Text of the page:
Fair Use Disclaimers
In the United States, you can use copyrighted works without permission so long as the use falls within the definition of "fair use." If you plan on using copyrighted material in this way on your website, you need to display a fair use disclaimer.
In this article, we'll look at what constitutes fair use under U.S. law and how to draft your own fair use disclaimer.
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- 1. What is Copyright?
- 2. What Constitutes "Fair Use" Under U.S. Law?
- 2.1. 1. Purpose and Character of Use
- 2.2. 2. Nature of Copyrighted Work
- 2.3. 3. Amount of Copyrighted Work Used
- 2.4. 4. Effect on Market Value of the Copyrighted Work
- 3. What are Fair Use Disclaimers?
- 4. How Long Does Copyright Protection Last in the U.S.?
- 5. Benefits of Having a Fair Use Disclaimer
- 5.1. 1. Encourages Fair Information Sharing
- 5.2. 2. Boosts Your Reputation for Following Copyright Law
- 5.3. 3. Minimizes the Risk of Lawsuits
- 6. Who Needs a Fair Use Disclaimer?
- 7. Drafting a Fair Use Disclaimer
- 7.1. Declaration of Use
- 7.2. Explain the Purposes for the Use
- 7.3. An Explanation of Fair Use
- 7.4. Cite U.S. Copyright Law
- 7.5. Third Party Use
- 8. Displaying a Fair Use Disclaimer
- 8.1. Website Footer
- 8.2. With the Copyrighted Content
- 9. Conclusion
What is Copyright?
When someone produces a piece of creative work, it's protected by copyright from the moment of creation. Examples of such works that get copyright protection upon creation include but aren't limited to the following:
- Computer programs
Under U.S. law, you can't normally use, copy, distribute, perform, or display copyrighted work without the owner's express permission. The rules are set out in Title 17 of the United States Code, which includes the Copyright Act of 1976 and related laws.
There's an exception to this general rule, though, known as the fair use doctrine. Under this doctrine, you can use copyrighted material if:
- You use it in a transformative way, and
- You don't take credit for the original copyrighted work
What Constitutes "Fair Use" Under U.S. Law?
The Copyright Act of 1976 establishes that it's fair to use copyrighted works for certain purposes such as reporting, teaching, commenting, or researching. To determine whether the usage is "fair," consider four factors in Title 17 Section 107: The reason for use, the nature of the copyrighted work, how much copyrighted content is used, and whether the use changes the value of the copyrighted work:
Let's briefly consider these four points.
1. Purpose and Character of Use
It's often fair to use copyrighted work if you don't intend to profit from it and you're using it transformatively i.e. you're adding something new or you're using it for a different purpose than it was originally intended for.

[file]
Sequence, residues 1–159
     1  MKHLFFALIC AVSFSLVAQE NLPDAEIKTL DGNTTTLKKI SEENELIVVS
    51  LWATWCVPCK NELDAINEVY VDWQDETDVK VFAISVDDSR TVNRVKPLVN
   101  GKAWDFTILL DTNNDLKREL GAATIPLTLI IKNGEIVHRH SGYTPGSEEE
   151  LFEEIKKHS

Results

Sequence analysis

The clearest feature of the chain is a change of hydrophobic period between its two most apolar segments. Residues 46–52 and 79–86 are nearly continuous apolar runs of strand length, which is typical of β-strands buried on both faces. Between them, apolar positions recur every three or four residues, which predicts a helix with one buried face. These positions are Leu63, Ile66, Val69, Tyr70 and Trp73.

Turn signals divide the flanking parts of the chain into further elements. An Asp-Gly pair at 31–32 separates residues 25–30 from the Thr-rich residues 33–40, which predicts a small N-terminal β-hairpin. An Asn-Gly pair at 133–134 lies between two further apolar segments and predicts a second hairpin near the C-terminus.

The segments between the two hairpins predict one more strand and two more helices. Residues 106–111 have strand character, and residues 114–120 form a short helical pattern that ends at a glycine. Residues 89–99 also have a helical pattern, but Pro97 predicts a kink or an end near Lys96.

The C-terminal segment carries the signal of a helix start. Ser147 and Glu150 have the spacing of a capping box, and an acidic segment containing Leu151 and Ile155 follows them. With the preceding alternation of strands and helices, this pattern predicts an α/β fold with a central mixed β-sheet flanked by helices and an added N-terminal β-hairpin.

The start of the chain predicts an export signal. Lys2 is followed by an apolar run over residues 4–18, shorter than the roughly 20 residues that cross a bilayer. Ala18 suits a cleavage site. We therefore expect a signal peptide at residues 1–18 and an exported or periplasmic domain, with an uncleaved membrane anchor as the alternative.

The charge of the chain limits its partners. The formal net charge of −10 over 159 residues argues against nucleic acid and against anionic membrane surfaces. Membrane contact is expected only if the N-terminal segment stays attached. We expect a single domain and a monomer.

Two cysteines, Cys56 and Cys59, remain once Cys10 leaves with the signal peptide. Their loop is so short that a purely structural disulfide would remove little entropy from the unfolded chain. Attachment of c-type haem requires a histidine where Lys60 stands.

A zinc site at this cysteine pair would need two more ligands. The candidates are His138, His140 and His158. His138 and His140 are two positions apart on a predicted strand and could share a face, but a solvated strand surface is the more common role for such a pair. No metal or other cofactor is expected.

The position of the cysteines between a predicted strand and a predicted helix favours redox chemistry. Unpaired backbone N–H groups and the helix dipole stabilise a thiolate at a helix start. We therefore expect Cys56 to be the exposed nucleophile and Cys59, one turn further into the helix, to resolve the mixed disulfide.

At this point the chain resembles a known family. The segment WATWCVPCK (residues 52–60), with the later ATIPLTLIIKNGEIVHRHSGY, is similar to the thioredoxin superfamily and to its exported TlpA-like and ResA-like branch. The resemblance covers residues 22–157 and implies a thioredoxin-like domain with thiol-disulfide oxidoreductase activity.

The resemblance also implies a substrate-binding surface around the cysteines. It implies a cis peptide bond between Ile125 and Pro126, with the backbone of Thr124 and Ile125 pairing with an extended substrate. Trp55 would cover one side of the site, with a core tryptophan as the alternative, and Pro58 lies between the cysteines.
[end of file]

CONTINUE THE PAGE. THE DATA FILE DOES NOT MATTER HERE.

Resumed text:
For example, if a school uses a copyrighted diagram solely for teaching purposes, this could be fair use. However, it might not be fair use if the school using it profits from the class in any way even though it's being used transformatively i.e. for a different reason than first intended.
2. Nature of Copyrighted Work
The "nature" of the work usually means whether it's published or unpublished, and factual or creative.
- The courts may have a negative view on anyone trying to use unpublished creative works e.g. a song without the creator's permission.
- It's more likely to be considered fair use if you're sharing published content, particularly if it's factual-based work rather than purely creative.
3. Amount of Copyrighted Work Used
Fair use generally means using the least amount of the work possible. So, for example, it's generally fairer to use a few lines from a song in your video clip than it is to use the whole song.
This one comes down to proportionality. Don't take more of a copyrighted work than you need for a set purpose.
4. Effect on Market Value of the Copyrighted Work
If your use of the work is likely to deprive the creator of profit in some way, then it's usually considered unfair. For example, if using a song is more likely to increase sales of your product rather than the creator's, this is unfair because it erodes the market value of the original work.
You should always ensure you're using copyrighted material legally before relying on a fair use disclaimer. Seek legal advice if you need help complying with copyright law.